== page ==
Questions arise as officials expected to recommend COVID-19 booster shots

Federal health officials are expected to recommend a COVID-19 booster shot eight months after becoming fully vaccinated, raising many new questions.

Dr. Frank Rhame, an infectious disease specialist with Allina Health, said this recommendation, however, does not mean that vaccines aren’t working.

"These vaccines are very effective in preventing what we care about the most, which is serious illness and death," he said.

Dr. Rhame said data shows antibody levels can drop over time, leading to more breakthrough infections. However, most people remain protected against serious illness.

"That’s important to recognize - while the efficacy against all infection goes down, the efficacy against severe infection didn’t go down, or it didn’t go down by very much," he said.

An Israeli study showed protection dropping more severely in those vaccinated in January - and there’s caution not to get a booster too early.

Meanwhile, the Minnesota Department of Health has not heard anything official about booster shots, but officials say it won’t be a problem. 

"We don’t have an issue at this point about vaccine availability, so that when there is a recommendation for booster - should we get that official word - there will be plenty of vaccines available for people," said Kris Ehresmann with MDH.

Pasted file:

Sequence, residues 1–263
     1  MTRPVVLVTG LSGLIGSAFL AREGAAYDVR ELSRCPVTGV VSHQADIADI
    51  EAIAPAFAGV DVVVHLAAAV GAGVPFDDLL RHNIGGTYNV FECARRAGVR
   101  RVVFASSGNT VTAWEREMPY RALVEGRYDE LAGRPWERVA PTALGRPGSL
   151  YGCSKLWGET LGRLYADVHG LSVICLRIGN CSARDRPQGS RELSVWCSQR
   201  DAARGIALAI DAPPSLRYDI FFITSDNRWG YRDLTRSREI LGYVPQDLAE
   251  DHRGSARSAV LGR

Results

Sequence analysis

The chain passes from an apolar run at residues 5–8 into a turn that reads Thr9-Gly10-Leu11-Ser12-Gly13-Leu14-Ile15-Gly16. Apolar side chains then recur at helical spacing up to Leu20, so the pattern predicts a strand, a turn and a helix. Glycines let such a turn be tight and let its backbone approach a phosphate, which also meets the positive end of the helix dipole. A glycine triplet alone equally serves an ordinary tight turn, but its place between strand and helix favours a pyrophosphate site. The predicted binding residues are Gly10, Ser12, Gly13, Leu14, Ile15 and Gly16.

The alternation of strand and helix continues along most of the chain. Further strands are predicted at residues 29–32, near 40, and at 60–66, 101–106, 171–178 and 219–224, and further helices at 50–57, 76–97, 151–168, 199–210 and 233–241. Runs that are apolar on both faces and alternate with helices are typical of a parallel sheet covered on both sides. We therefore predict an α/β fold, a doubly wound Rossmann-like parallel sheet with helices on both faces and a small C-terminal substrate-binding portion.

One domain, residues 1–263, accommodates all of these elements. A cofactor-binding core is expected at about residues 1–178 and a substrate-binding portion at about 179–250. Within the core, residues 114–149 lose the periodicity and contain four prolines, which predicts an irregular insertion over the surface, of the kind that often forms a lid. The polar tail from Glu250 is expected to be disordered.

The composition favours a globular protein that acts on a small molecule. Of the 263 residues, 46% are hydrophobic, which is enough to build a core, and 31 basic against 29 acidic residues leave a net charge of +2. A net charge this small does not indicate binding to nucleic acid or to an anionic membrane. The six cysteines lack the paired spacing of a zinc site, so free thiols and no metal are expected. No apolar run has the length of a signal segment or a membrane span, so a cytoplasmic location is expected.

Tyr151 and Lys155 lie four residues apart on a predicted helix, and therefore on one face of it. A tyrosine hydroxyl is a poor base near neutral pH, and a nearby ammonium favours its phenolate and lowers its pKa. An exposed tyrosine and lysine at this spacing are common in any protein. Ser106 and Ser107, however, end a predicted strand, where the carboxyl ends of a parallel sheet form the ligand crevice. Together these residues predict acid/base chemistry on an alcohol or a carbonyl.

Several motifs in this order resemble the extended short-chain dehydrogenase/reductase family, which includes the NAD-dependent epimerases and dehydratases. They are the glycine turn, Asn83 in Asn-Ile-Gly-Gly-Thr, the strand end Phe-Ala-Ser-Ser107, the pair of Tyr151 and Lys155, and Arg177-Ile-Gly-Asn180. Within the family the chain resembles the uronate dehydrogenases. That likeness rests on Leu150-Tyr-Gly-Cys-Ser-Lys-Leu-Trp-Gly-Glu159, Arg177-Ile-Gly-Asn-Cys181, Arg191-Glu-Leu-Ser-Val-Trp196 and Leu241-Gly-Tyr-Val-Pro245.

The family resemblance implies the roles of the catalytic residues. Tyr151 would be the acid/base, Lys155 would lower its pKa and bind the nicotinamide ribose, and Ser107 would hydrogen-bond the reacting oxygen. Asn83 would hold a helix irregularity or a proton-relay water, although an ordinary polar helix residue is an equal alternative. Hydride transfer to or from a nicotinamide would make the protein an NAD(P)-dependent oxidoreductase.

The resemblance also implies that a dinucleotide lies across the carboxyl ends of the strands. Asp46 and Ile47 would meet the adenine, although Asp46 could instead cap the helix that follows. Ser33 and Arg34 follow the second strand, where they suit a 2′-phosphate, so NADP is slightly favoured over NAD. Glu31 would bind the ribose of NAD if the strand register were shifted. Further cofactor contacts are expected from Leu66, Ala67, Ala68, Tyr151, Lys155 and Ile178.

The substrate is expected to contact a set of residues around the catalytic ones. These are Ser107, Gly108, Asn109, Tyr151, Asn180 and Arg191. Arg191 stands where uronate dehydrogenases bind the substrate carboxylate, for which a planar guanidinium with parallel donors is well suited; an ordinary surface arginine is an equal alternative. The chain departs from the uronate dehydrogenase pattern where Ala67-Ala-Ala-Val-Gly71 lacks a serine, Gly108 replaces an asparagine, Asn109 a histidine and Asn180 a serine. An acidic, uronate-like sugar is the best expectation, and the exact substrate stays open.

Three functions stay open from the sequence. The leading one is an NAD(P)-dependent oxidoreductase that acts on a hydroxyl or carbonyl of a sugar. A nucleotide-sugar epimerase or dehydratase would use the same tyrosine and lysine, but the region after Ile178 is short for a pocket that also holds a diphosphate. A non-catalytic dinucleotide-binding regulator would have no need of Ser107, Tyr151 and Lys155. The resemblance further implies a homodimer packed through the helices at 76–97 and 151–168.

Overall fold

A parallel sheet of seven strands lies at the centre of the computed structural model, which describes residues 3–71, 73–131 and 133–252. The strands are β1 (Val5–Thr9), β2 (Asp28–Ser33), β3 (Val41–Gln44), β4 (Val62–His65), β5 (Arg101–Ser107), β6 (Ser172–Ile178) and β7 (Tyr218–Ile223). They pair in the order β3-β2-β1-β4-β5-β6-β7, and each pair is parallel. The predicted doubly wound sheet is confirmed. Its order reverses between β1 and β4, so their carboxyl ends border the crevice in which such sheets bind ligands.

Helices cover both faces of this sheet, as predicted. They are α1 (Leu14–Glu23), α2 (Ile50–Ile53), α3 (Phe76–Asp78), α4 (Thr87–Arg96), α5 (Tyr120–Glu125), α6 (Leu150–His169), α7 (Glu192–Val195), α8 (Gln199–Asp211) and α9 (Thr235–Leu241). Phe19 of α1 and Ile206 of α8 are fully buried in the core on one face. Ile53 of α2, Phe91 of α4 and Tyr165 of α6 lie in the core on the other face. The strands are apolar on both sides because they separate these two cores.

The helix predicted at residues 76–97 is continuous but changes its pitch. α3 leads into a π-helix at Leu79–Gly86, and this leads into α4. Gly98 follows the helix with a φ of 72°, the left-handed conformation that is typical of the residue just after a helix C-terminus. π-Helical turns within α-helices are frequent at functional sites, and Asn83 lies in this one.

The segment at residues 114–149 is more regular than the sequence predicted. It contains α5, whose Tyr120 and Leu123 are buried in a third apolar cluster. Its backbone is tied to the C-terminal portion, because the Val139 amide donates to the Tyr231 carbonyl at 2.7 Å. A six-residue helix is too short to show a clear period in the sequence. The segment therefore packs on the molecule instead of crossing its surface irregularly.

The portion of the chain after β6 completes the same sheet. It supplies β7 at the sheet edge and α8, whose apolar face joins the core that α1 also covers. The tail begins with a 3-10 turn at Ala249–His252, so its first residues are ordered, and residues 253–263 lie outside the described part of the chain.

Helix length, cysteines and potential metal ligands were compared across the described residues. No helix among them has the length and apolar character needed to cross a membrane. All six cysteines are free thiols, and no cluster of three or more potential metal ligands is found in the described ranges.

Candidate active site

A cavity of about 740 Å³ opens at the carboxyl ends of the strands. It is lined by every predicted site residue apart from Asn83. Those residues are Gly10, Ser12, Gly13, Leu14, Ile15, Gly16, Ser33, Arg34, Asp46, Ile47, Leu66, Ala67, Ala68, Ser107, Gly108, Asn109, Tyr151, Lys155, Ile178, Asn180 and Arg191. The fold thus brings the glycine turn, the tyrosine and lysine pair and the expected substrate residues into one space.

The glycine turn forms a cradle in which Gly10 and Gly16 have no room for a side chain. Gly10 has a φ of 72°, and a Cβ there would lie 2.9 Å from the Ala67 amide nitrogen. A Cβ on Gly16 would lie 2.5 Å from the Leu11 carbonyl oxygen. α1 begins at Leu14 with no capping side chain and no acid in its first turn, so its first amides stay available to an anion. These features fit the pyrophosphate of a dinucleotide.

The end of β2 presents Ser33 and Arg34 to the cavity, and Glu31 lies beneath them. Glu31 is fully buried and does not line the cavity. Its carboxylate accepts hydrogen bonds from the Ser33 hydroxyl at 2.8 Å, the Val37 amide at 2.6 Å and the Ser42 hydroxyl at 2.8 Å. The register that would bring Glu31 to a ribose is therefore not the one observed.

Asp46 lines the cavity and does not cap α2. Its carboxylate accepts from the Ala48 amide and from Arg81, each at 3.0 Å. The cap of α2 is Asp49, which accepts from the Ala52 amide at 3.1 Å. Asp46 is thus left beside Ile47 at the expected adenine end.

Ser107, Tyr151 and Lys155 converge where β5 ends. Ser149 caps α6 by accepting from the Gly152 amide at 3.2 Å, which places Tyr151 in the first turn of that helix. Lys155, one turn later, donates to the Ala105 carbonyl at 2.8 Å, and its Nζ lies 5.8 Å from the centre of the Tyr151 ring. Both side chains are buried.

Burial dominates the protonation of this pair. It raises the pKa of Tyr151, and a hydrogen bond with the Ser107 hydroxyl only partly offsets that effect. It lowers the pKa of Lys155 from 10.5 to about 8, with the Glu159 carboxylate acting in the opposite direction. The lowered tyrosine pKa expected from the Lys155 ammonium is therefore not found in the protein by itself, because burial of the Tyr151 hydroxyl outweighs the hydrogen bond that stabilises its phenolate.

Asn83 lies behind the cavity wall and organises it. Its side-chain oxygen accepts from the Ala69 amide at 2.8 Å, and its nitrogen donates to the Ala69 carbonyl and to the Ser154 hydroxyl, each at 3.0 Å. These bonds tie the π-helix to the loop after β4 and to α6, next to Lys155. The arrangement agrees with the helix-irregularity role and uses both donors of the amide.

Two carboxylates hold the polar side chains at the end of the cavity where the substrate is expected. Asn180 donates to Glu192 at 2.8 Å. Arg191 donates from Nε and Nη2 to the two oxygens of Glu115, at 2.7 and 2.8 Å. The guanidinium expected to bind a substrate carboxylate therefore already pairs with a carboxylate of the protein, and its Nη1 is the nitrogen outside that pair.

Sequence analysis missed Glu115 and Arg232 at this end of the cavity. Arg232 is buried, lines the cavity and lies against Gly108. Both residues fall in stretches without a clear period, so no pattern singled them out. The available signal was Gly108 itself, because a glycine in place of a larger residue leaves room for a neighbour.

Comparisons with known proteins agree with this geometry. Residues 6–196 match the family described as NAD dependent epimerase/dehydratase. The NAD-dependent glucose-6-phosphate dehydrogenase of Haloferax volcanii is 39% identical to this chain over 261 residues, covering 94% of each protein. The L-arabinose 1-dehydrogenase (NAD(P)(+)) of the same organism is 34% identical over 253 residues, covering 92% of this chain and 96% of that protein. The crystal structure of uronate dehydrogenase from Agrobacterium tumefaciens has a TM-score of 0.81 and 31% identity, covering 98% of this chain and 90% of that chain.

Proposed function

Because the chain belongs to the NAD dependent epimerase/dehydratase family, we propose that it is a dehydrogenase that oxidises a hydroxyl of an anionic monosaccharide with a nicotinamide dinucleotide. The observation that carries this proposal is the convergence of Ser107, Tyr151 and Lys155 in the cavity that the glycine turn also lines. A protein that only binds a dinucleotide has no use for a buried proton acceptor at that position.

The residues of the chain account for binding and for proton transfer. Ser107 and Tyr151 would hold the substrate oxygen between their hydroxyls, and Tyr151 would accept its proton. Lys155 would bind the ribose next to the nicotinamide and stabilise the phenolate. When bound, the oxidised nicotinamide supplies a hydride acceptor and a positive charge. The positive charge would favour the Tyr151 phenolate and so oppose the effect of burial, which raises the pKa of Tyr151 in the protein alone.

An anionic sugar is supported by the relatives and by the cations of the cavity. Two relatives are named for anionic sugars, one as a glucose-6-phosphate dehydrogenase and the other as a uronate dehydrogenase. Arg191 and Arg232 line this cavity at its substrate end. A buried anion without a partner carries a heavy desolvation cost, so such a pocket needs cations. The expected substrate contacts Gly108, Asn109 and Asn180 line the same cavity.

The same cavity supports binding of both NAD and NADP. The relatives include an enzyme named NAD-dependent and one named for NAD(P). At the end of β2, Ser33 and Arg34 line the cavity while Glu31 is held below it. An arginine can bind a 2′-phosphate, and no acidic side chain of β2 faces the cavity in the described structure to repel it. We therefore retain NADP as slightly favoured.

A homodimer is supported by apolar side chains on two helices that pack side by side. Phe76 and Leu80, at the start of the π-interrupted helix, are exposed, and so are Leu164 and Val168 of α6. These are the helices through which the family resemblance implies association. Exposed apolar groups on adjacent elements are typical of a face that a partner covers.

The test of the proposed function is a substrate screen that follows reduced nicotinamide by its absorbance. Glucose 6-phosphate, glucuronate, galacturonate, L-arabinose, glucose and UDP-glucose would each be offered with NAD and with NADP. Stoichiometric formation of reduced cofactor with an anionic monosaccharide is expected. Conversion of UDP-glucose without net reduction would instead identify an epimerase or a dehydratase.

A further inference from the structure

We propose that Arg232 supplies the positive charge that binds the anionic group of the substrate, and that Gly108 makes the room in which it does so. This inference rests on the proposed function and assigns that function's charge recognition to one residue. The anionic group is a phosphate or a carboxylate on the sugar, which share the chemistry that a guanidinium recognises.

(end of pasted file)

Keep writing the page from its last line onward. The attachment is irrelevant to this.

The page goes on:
"You can actually do yourself a disservice if you try to get a booster prematurely because you’ll be essentially wasting protective time for the vaccine’s effectiveness," added Jan Malcom, Commissioner for MDH.

Now, many are wondering if there will be a need for routine COVID-19 shots, such as the annual flu shot. Dr. Rhame says the flu viruses constantly change, making it necessary to get regular shots. Now that COVID is changing too, it’s certainly possible.

"Now it’s going to be under evolutionary pressure to evade vaccine, like it wasn’t in the past, so that’s the way evolution works. It’s really quite interesting," Dr. Rhame said.